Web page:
Park-and-Ride - the View of Users and Non Users
SPEYER 1L TAYLOR B and VENN P, Swansea Institute of Higher Education, UK
A park and ride scheme is essentially an urban traffic management tool for restricting the level of motor cars entering the urban centre. In essence the process involves the provision of a car park, normally on the outer perimeter of the urban area where
A park and ride scheme is essentially an urban traffic management tool for restricting the level of motor cars entering the urban centre. In essence the process involves the provision of a car park, normally on the outer perimeter of the urban area where the motorist changes to a mode of public transport to complete their journey to the urban centre.
The development of park and ride in Great Britain started primarily in historic towns and cities, quite simply because they suffered at an earlier stage from the problems that park and ride is designed to relieve. The reasons for this are numerous, the prime ones relating to their spatial design, the radial route network and the limited feasibility of implementing major traffic management. Many other urban areas now suffer from the problems of road congestion and environmental degradation caused by the motor vehicle, thereby making park and ride a potential option in many more locations.
Park and ride schemes started to become incorporated into local authorities' overall transport strategies in the early 1970's, Oxford and Nottingham being the first cities in the United Kingdom. From this early beginning, when Saturday only schemes were operated, park and ride has evolved into full time provision. Currently there are now 26 full time (Monday to Saturday) schemes in operation, 17 all year round Saturday schemes and 33 Seasonal/Pre Christmas schemes. Park and ride is now part of the transport strategy in 85 per cent of the local authorities in Great Britain with 72 per cent either expecting to expand existing park and ride sites or to introduce new schemes.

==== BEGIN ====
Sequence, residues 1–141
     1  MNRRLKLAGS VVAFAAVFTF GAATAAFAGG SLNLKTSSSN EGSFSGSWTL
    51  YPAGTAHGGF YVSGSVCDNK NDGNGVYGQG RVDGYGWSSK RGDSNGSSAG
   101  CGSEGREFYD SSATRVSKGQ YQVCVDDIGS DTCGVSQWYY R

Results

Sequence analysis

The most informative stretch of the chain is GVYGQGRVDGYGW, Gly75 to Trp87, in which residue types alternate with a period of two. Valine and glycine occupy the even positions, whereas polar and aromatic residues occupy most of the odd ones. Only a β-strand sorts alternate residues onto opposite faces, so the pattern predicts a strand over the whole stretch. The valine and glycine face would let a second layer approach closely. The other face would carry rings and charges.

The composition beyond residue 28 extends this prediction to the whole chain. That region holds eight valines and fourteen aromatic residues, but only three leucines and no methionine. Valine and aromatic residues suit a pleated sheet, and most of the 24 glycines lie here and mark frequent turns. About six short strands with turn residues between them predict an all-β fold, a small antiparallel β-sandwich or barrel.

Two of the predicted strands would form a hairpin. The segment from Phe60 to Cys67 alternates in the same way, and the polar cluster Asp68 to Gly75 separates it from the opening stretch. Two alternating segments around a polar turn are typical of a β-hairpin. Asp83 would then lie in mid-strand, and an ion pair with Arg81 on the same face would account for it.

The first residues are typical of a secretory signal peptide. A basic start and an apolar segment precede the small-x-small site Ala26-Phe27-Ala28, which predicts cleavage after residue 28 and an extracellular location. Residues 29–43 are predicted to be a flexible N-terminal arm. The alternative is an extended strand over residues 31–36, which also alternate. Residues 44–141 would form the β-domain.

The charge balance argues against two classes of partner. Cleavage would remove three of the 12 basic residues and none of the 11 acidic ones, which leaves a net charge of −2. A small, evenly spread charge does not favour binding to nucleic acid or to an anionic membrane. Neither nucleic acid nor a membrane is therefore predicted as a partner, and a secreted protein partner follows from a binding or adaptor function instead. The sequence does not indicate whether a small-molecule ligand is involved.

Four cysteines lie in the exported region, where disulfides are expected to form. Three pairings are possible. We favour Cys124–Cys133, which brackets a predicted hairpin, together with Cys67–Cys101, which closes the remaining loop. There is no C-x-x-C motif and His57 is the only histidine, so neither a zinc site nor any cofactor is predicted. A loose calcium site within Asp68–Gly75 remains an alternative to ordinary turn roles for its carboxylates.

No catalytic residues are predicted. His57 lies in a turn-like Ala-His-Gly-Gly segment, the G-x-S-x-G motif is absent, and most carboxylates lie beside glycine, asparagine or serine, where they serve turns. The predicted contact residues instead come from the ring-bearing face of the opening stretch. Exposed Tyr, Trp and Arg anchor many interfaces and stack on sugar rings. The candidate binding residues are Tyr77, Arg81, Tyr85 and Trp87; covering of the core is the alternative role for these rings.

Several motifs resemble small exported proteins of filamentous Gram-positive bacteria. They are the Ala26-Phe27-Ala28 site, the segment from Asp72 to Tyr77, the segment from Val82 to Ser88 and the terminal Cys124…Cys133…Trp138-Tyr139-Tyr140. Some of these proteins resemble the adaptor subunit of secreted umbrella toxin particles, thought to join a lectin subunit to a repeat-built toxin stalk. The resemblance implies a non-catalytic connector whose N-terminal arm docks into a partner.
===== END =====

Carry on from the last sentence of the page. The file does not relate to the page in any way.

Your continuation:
Although some schemes are undoubtedly successful, and Oxford has more than 1,000 users per day, little is known of the criteria that makes one scheme more attractive than another. Given the range of possible options for the type of scheme, a degree of knowledge is required of potential users. If for instance a scheme is proposed for full time operation then a large commuter base is likely to be required. In Winchester over 50 percent of users come from this group, Oxford has 35 percent with York, Canterbury and Shrewsbury at around 28 percent.
This paper attempts to explore the views of park and ride users and non users. A survey was undertaken with the theme of the motor car driver's opinion on aspects such as road congestion, the environment and public transport. Additional information is used from other surveys carried out by the authors and other bodies such as local authorities. From this some of the critical issues affecting the future development of park and ride will be discussed.
Association for European Transport